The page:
Representing many different user types
Creating user stories centered around each user type
Integrating needed third-party services and apps
Creating a diagram of services and integrations
We created user stories for four unique user scenarios to ensure that our app satisfied the needs of each person using it:
Employees are the most basic user type. The employee's main goal is to watch training videos, complete quizzes, and earn certifications.
Managers oversee the training of individual employees. The manager's goals are to complete their own training and to ensure their employees are on track with theirs.
An owner is the economic buyer of the LMS. The owner's main concerns with the app is account management and billing. They may have several stores and store managers under their purview.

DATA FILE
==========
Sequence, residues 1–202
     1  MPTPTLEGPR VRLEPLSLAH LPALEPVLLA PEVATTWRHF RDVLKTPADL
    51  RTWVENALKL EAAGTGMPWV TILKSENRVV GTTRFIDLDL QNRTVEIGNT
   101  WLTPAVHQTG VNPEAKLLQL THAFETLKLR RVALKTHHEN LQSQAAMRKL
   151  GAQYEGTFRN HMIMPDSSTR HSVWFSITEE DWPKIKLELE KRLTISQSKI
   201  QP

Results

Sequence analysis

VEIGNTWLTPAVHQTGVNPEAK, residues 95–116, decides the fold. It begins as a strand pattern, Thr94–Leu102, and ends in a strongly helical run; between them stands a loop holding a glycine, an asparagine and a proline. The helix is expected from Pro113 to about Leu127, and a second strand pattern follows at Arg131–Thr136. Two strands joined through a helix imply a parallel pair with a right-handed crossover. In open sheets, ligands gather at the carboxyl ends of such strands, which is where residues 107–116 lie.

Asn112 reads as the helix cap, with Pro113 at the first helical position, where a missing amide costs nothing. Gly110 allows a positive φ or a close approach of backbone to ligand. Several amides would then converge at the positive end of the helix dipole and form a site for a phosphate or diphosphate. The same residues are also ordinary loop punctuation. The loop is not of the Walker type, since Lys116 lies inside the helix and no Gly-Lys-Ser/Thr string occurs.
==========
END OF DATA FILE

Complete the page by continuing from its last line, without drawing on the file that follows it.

Admins are the app's administrators. The admin's main goal is to manage courses offered within the app, handle subscriptions, and resolve support requests submitted by the app's end users.
We knew we needed the basic building blocks of most applications: A database to persist data, a scalable back-end that can be adjusted to match usage, and a front-end that was flexible, modern, responsive, intuitive, and easy to use.
We chose to use Symfony as our framework for building the API for the back end. Symfony shares a lot in common with the Drupal CMS with which we are very familiar, but it allows us to focus development effort and server resources toward the only part we needed - the business logic to facilitate communication between the front-end and database.
On the front end, we chose to use the Next.js framework, built on the popular and familiar React.js infrastructure. Next.js provided the developer experience and tooling needed to build out a large site with a large hierarchy of pages, but also provided configurable server-side rendering, which would give us a lot of options when it comes to tuning the performance of the site.